Games are not classroom toys.

This post is intended to highlight how ‘trends’ in social media CAN create more problems than they solve. In the rush to include popular culture in the classroom, some educators now see games — especially video games as something to port into their so called ‘GBL’ classrooms. They assume that because games are ‘fun’ and that game scholars have shown players learn — bingo — add it to the pop-bazinga-bullshit bouncing around Chitter. Ideally there could be 7 steps, a diagram or a template to slap on top of content.

If games can be brought into school, kids could …. If that is true, then firstly, describe the archetypes of this pedagogy and in what context it might be true. Oh crap, gamification just got harder didn’t it … don’t worry, play splashy fish and just say they are learning. There are some very serious problems emerging from the general idea that everything can be done simply — and that all the answers are online. So far that hasn’t been true for anything else, so why with the most complex media in society?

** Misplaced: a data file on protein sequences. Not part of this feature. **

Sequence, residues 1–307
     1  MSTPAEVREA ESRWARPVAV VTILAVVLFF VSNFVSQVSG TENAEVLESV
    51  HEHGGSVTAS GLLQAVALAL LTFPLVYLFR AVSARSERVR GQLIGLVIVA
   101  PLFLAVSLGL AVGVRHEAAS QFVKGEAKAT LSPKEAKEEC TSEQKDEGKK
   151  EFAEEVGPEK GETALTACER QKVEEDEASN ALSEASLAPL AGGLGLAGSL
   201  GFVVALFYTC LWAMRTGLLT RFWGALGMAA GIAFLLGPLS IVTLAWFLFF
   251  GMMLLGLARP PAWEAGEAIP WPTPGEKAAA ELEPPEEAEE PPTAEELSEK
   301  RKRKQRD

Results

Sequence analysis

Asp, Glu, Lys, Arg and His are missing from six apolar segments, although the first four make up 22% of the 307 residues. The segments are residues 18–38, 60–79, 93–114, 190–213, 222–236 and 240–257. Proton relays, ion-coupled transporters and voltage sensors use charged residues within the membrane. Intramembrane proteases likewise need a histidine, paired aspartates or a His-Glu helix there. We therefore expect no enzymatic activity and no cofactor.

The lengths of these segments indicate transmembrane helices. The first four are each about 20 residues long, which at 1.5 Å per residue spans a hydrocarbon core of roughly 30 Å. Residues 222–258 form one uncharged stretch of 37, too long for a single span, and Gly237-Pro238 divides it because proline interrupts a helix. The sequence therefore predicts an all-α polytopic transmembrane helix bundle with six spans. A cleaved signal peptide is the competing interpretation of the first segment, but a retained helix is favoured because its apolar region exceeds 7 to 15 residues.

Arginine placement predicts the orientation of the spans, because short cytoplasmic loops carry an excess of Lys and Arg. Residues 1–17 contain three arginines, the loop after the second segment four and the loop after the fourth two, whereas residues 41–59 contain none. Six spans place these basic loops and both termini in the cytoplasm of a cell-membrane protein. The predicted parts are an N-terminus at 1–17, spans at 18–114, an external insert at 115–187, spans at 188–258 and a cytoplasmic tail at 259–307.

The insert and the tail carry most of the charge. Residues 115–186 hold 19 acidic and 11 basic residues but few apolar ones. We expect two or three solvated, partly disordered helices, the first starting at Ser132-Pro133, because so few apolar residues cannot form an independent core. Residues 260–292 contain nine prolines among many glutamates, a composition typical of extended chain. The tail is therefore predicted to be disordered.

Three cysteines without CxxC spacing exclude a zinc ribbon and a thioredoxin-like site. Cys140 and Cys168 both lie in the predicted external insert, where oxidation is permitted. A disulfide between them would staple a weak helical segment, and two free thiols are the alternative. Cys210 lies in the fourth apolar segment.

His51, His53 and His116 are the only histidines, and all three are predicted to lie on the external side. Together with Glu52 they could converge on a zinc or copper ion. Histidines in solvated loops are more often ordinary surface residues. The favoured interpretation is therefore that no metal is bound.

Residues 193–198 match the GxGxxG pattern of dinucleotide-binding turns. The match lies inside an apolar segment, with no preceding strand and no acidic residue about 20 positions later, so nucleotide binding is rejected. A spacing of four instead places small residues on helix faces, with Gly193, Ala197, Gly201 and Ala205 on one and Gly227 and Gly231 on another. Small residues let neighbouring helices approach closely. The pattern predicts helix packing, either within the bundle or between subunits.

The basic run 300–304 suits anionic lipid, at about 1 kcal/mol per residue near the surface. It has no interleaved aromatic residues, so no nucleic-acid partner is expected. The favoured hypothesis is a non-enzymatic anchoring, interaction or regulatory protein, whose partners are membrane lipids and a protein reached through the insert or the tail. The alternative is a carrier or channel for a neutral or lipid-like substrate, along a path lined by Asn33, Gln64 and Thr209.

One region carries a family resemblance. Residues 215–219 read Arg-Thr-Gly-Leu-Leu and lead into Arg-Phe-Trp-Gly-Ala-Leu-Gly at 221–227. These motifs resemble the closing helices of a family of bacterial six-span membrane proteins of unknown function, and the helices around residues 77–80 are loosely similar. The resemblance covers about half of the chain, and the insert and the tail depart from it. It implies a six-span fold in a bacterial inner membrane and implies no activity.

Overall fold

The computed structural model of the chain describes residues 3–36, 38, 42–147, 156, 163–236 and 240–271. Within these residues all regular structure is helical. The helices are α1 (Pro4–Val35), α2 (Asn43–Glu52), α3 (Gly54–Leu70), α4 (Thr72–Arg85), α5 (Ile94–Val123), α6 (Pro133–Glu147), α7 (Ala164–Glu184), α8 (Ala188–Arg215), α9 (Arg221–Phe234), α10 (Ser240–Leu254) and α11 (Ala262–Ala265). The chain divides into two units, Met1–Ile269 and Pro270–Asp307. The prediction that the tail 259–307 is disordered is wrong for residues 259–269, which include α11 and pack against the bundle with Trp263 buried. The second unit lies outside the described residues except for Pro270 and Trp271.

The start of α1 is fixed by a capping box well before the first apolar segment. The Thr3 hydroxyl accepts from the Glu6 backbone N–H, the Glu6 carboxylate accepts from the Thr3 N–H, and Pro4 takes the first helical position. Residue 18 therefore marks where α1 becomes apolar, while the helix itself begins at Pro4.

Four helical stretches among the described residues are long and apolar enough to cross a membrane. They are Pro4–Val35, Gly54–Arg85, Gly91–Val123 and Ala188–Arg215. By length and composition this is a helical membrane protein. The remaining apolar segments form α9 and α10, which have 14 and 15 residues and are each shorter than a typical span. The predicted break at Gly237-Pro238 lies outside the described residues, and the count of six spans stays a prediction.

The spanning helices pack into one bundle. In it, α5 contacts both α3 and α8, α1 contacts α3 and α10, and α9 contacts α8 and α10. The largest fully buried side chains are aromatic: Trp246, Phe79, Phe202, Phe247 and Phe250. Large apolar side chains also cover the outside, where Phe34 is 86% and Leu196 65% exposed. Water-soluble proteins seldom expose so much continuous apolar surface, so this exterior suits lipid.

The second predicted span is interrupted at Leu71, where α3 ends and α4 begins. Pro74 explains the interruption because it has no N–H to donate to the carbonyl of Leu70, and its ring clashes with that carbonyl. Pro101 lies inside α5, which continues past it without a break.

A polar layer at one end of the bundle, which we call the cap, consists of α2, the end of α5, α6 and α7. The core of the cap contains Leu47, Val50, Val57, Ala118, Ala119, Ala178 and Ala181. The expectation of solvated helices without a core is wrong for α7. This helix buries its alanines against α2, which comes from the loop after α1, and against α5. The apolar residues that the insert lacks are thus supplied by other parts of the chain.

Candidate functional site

What they want to know has to fit with what they want to believe, based on what they already know. For example which games are the most fun, and the ones kids learn from the most. They want to believe games short-cut social and cultural disengagement as well as increase academic understanding. A better social inclusion program and assessment plan could also do that too. But these are also things that schools struggle to re-position in society radically different to even ten years ago.

Why is a classroom a place to start toying with complex media is a serious social concern. Why not do it though research? Why does it have to be done ‘live’ with kids (who get no say and may well suffer as a result) — and why conduct it via Chitter?

Games are not made from things which will be ported into classrooms to make kids happier, more engaged or more interested in what the teacher has to say. This won’t of course stop teachers dragging games into classrooms and not only doing a really bad job of using games — but waste valuable time tinkering with things they don’t understand when they could focus on things that are needed.

You can’t run today’s game-culture on your busted platform or find the answers on chitter.